The Guild’s revised and updated Constitution was agreed by its membership and by the Charity Commission in November and December 2013.
The new Constitution widens the objects (purposes) to allow even greater help to be given to St Bartholomew’s Hospital, especially in financial grants, while undermining in no way objects adhered to until now. It also meets the requirements of the Charities Act 2011 and of the Charity Commission’s best practice on needs and safeguards. It is based closely on the model constitutional document favoured by the Commission.
This revision was assisted greatly by Bates Wells Braithwaite London LLP, lawyers specialising in charities.
Here is a summary of some key items within the Constitution:
The Objects. The charity’s objects (purposes) are to help the Royal Hospital of St Bartholomew by providing:
by personal service and by the provision from the charity’s funds of such amenities for the patients and staff as would not be available for them under the National Health Service; and
such other charitable assistance to the Hospital, its patients, former patients, staff, students and others involved with the affairs of the Hospital as the trustees may determine.
The Committee of Management (the Trustees). The Committee includes Officers – Chairman, Vice-Chairman, Honorary Secretary and Honorary Treasurer – and other ‘ordinary’ members: its number being not less than ten and all must be members of the Guild.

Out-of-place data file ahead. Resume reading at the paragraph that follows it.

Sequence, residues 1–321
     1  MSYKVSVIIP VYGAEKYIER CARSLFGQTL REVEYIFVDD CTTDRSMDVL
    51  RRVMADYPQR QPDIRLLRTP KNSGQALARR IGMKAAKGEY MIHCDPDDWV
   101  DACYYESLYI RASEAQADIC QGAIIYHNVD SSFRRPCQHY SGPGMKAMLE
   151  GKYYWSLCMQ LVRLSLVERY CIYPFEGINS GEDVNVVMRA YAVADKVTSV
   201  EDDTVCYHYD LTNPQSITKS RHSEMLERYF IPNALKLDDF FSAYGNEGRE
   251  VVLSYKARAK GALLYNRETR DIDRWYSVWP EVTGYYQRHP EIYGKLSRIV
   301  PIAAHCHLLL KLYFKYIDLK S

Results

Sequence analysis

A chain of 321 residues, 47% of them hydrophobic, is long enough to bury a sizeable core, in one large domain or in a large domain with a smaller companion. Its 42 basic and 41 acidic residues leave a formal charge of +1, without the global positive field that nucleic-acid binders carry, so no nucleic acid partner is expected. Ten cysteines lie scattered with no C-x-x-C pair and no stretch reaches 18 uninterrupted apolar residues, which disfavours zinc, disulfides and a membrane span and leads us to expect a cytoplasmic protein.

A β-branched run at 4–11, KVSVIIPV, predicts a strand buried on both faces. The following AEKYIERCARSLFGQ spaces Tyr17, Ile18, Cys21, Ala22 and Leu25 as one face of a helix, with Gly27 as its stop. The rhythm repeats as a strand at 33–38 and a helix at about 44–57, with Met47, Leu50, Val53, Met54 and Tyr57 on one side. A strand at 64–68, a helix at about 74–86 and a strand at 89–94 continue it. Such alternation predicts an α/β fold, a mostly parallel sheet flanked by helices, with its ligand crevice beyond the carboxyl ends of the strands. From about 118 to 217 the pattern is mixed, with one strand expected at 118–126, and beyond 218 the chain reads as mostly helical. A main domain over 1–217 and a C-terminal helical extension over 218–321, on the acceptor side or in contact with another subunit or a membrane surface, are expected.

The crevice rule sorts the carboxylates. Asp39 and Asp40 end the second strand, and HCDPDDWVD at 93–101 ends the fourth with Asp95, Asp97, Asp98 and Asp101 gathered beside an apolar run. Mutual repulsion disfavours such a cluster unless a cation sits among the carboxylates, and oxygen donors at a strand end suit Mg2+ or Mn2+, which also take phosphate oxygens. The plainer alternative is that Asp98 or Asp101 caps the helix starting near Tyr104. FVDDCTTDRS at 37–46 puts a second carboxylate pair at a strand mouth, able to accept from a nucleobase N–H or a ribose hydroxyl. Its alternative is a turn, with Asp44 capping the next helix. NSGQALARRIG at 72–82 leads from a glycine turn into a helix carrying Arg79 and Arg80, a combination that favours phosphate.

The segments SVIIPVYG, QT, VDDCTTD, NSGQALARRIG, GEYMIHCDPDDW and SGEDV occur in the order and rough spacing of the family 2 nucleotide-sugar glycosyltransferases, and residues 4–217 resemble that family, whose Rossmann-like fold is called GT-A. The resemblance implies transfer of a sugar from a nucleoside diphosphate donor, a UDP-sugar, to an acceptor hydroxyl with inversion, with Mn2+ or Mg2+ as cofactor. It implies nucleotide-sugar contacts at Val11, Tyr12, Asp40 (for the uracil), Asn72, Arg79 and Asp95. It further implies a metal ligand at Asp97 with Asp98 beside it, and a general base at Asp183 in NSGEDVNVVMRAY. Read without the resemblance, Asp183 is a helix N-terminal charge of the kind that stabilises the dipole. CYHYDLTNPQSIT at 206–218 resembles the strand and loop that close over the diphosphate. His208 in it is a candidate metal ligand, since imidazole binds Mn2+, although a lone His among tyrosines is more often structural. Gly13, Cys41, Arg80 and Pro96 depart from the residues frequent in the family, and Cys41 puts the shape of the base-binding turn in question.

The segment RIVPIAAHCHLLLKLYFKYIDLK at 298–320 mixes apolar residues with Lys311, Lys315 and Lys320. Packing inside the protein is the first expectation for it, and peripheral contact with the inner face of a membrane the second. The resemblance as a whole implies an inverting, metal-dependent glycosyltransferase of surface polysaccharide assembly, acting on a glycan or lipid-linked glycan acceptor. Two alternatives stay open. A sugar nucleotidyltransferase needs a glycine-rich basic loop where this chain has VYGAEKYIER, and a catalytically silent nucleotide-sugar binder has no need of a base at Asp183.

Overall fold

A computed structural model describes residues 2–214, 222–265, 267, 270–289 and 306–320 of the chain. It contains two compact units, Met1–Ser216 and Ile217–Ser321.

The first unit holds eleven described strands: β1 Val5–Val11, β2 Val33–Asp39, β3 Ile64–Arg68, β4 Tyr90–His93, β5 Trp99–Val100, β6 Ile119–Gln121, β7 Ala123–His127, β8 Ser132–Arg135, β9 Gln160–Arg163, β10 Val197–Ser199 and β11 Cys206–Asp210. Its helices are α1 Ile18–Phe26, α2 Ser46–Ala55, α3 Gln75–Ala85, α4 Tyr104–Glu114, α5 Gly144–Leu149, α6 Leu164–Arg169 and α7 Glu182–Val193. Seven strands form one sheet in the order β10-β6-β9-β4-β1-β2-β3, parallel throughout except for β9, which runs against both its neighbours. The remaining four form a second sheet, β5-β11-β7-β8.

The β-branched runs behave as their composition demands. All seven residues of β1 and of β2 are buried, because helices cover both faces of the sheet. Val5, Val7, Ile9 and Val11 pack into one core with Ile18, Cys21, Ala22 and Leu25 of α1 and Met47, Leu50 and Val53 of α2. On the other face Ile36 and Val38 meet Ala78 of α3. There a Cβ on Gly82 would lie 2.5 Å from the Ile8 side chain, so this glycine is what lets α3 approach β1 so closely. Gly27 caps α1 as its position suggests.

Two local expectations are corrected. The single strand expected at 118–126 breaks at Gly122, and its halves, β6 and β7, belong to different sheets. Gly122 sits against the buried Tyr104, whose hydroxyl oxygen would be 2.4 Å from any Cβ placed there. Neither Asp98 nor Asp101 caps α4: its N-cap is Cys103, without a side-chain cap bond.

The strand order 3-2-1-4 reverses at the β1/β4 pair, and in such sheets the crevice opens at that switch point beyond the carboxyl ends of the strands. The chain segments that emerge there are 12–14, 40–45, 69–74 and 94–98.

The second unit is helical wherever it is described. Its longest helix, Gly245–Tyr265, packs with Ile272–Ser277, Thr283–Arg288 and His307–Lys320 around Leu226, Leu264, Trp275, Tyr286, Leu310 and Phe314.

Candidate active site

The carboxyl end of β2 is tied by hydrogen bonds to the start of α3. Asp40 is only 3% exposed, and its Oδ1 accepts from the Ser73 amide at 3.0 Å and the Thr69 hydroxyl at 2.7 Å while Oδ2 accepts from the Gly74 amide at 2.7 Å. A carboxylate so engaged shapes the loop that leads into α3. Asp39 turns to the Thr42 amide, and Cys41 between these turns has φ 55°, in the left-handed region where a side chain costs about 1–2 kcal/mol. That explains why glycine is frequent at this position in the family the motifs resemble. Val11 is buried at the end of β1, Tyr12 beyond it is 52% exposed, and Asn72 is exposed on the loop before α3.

The Chairman, Vice-Chairman, Secretary and Treasurer shall be elected by the Guild membership in general meeting for an initial period of three years and shall be eligible for re-election annually thereafter. All other Committee members shall be elected for an initial period of three years and thereafter will be eligible for re-election for a further period, not exceeding three years.
Trustees’ powers. Trustees may elect one or more persons to be President, Vice-President or other honorary positions. Such appointees will not automatically be trustees. The Committee of Management is responsible for engaging and managing the Guild’s volunteers and staff, may co-opt members and establish other committees and posts to help the Guild’s purposes.
General meetings. Apart from the Annual General Meeting (AGM) the Guild may call Special General Meetings (SGM) of the membership, with the power to agree resolutions. SGMs may be called by trustees or by an agreed number of members.